Wren lives in a dying world. A world that is part of a mechanical solar system, created long ago, and now its inner clockwork is slowing down. That system is now dying, and it is up to Wren and some companions to make her way through the inner workings of the solar system to find the disparate “keys” that will connect to rewind the clock and save the Sun, and all of the worlds that are revolving around it.
Brass Sun (Wheels of the World) is an intriguing ride as a graphic story, immersing you fully into an imagined world in which a Blind Watchmaker acted as a sort of God to create the mechanical solar system, and then divvied out the keys to different planets so that they would have to work together in times of crisis. It didn’t work. Instead of seeing each other as partners, they went to war with each other, trying to be the planet that would have the upper hand with the most “keys.”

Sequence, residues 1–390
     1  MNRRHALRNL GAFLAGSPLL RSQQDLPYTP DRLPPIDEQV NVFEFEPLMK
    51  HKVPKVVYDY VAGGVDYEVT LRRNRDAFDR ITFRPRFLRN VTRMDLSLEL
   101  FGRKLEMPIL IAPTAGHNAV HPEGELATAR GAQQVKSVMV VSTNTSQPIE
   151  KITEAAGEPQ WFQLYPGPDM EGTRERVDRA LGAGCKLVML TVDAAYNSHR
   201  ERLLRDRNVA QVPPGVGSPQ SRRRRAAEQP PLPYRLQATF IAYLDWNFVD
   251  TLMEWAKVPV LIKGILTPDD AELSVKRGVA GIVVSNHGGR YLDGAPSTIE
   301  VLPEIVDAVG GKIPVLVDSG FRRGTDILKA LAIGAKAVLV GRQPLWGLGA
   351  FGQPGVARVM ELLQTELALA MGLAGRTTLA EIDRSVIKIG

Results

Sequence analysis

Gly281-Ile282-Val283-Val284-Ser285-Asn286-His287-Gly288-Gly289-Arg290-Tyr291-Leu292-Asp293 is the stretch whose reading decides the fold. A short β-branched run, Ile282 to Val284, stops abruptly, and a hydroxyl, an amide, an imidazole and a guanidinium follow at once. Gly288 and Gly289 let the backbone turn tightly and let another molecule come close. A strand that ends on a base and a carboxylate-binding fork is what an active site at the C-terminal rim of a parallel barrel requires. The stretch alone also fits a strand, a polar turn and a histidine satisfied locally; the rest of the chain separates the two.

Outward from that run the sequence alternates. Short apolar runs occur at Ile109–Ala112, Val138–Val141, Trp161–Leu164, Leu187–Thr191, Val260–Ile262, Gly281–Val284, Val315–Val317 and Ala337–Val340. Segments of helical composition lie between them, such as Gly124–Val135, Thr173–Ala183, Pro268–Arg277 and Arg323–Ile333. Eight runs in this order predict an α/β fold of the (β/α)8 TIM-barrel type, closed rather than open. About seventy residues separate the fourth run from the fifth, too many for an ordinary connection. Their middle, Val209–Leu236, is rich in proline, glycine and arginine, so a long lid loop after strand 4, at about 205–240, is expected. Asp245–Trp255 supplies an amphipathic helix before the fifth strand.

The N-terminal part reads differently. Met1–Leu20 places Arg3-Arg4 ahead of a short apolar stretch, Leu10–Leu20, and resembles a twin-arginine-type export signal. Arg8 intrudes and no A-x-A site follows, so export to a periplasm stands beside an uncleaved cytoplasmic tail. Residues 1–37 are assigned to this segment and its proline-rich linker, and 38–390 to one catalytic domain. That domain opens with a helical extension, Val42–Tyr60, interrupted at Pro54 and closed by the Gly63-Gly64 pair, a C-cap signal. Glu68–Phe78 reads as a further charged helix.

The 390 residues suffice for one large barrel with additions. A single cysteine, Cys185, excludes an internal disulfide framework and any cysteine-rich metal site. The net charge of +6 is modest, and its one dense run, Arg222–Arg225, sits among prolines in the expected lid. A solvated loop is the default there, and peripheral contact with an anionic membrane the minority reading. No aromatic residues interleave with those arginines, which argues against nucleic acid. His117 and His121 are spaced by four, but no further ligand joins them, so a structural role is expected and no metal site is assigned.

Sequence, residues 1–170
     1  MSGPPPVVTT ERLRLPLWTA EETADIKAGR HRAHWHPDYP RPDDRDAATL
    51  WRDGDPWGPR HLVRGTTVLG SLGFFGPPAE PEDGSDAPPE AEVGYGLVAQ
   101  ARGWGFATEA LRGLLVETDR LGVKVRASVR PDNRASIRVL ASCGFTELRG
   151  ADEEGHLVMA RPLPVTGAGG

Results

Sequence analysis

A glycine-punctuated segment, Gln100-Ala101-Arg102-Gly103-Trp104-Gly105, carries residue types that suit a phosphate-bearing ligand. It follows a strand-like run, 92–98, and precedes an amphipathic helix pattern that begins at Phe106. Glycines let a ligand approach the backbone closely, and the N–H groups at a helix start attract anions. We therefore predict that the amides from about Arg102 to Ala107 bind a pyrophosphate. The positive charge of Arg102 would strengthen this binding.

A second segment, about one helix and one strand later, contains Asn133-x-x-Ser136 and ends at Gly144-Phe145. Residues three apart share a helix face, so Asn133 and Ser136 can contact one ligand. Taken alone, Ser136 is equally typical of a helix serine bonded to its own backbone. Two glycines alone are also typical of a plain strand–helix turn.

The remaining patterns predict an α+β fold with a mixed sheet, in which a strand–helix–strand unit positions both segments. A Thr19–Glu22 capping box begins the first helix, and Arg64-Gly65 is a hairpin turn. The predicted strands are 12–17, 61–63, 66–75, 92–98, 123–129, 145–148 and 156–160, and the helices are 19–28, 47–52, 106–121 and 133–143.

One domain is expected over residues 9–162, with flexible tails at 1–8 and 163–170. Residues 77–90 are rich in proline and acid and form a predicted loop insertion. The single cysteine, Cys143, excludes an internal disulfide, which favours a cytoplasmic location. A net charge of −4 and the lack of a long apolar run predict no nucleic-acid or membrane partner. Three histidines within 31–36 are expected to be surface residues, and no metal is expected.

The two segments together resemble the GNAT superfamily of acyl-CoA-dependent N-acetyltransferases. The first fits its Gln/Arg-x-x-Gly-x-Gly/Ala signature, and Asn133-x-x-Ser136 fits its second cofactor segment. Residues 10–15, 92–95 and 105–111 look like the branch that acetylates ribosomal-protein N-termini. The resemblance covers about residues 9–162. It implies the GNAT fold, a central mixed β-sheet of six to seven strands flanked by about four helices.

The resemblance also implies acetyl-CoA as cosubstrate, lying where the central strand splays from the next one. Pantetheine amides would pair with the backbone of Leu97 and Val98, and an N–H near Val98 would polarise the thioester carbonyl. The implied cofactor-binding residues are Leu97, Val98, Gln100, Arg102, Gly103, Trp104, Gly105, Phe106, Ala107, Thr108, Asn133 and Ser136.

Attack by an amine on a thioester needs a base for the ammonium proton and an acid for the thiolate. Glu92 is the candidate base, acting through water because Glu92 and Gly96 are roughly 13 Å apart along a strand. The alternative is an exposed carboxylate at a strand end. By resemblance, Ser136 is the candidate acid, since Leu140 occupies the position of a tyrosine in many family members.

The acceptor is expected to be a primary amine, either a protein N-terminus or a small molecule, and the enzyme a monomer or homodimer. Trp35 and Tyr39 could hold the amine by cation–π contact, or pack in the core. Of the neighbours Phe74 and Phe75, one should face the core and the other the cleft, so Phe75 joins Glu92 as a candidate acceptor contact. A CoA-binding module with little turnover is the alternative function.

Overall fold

Part steampunk, part sci-fi, part tech adventure, Brass Sun centers on Wren, who is sent on her mission by her grandfather just before he is captured and killed by a government suspicious of his activities (which run counter to the political, religious narrative of the time). There are lots of complicated smaller stories unfolding in Brass Sun, and writer Ian Edgington never lets you forget that this is a strange world he has imagined. The art by I. N. J. Culbard is wonderful and engaging, particularly in the oversized book that I got from my public library.
This book is part of a larger series apparently (since the story does not resolve at the end of the version I read). It would be appropriate for any middle and high school classroom and would surely engage those young readers who enjoy the concept of alternative world building. Wren, as a protagonist, is a strong female character.
Peace (in the worlds beyond worlds),